How Gazelle® Glider Works


  • Exercises
    Gazelle workouts increase aerobic fitness and muscle tone. The Gazelle gliders let you work out your whole upper body, targeting the arms, back, thighs, calves and glutes. There are six – ten basic exercises from the basic glide, wide glide, low glide, high glide, forward push and power glide. Another option is to hold your arms at your sides to challenge your balance as you are not touching the machine except with your feet.
  • Grip Options
    Gazelle gliders have padded foam handlebars at the top of the swing arms. Where you grab the handlebars changes how much work your upper or lower body gets. Gripping the middle of the handlebars in a neutral grip causes the upper and lower body to work equally, but holding the handlebars low by the crossbar makes the lower body work harder. Holding onto the crossbar instead of the handlebars is called a front bar grip, which places all the work onto the legs.
  • Benefits
    The Gazelle is a low-impact workout that offers six to ten different exercises within one workout. The Gazelle provides both aerobic and resistance training within one exercise session. The Gazelle gives you all the benefits of stretching, walking, running, cross-country skiing, aerobic dancing and resistance training without jarring impacts or damaging movements to your body. The versatility of the Gazelle appeals to both the beginner and the fitness enthusiast.
  • Technique
    To operate the gazelle, stand with one foot on each foot plate with each hand grasping an arm lever. Swing the legs and arms back and forth in a scissoring motion. Some Gazelle models are fitted with pistons that can be used to vary the amount of resistance to increase aerobic intensity. You can vary the program by leaning forward, leaning backward, bending knees or releasing the arm levers.

  • Cardio Benefit
    Gazelles are made primarily for cardio workouts. The machines let you raise your heart rate and keep working without having to stop from muscle fatigue because it has so little resistance. This lack of resistance is one of the major criticisms of the Gazelle. According to a calories-burned-by-activity calculator at FatBurn, however, the Gazelle burns a similar amount of calories as an elliptical used at the same pace.
  • Muscle Building
    The Gazelle uses a combination of body weight and machine resistance settings to provide a muscle-building workout. The Gazelle allows users to target specific muscles, based on how users position their body during the workout. For example, lifting the heels off the pedals during a workout requires users to use more calf muscles. Crouching down requires users to push up with the quadriceps. Leaning forward and using more arm than leg effort to move the machine requires the use of more biceps and chest muscles. Leaning backward in the machine and relying primarily on the legs works the hamstrings and buttocks. Changing this exercise by using less leg effort and moving the elbows outward works the lats and shoulders more. Standing sideways on the machines allows users to perform adduction and abduction exercises to work both the inner and outer leg.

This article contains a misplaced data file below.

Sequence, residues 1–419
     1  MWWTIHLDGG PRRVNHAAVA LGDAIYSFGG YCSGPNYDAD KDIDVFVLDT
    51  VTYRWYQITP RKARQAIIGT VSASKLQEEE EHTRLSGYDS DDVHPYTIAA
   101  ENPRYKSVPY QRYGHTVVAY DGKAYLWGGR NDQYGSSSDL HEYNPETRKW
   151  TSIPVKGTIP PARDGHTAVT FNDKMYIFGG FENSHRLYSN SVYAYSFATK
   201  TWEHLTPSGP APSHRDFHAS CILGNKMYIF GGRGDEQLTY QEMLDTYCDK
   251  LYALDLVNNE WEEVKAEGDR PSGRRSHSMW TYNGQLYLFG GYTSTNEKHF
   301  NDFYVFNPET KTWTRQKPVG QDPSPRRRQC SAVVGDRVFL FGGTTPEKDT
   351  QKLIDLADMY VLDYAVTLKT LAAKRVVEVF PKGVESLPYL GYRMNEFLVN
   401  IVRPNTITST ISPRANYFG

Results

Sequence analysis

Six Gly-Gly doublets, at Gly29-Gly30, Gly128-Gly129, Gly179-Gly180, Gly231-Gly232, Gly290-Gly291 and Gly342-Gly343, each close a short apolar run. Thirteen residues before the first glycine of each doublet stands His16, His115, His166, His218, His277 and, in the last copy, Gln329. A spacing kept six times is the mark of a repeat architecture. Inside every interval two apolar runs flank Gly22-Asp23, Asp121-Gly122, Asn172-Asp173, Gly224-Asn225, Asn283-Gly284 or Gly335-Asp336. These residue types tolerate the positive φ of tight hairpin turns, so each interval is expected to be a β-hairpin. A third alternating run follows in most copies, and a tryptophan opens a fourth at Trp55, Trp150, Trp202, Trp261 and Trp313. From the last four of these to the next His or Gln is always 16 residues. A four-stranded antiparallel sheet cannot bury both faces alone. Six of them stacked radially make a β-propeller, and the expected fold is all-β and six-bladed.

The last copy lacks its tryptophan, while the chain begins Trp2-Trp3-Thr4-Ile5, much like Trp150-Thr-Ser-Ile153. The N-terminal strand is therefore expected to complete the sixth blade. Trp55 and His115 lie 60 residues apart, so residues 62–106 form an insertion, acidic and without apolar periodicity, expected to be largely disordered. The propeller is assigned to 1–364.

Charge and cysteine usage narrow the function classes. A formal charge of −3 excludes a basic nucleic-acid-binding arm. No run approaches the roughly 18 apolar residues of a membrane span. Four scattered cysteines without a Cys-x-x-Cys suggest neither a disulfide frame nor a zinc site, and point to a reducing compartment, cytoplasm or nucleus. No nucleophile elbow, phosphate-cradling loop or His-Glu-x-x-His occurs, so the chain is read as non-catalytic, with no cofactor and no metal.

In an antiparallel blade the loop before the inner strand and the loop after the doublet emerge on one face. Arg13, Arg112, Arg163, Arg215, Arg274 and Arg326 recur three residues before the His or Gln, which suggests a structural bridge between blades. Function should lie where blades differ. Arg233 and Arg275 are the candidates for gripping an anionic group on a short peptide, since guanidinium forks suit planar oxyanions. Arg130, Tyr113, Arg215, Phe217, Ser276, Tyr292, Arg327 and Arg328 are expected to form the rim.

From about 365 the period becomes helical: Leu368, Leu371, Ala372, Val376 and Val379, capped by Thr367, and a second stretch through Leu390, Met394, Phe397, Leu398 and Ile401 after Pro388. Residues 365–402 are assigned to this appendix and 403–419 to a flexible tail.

• Flexibility
    The Gazelle allows users to stretch arm and leg muscles past their comfortable range of motion. Long strides stretch the muscles more, while a long stride-and-hold allows users to achieve a temporary static stretch. Relying more on the pedals requires more leg stretching, while a reliance on the arm pistons provides an upper-body stretch.

    Gazelle exercise machines use two pedals and two arm poles to create a back-and-forth movement that stretches your muscles as you move the pedals and levers. You stride, similar to cross-country skiing, with your knees bending less since the pedals move upward, rather than staying on a straight plane. The faster you work, the more natural momentum you generate, decreasing your need to manually move the pedals and levers. This can decrease your calorie burn.
  • Targeting Muscle
    By standing on the Gazelle in different ways, you can target specific muscles to work. For example, if you stand on your toes, you use more calf muscles. If you lean backward, you use more of your hamstrings, butt and hips to move the pedals. If you stand sideways on the machine, you work your inner and outer thighs. If you take long strides and hold them, you work your abs.
  • Muscular Benefit
    Gazelles with resistance can help those without large, developed muscles tone and build muscle, as well as improve muscular endurance for sports. Gazelles without resistance provide fewer muscular benefits, but still require you to move your body’s weight. Moving the pedals without using your arms to move the levers increases your leg muscle use and effort. Using your arms only to move the machine increases upper-body benefit.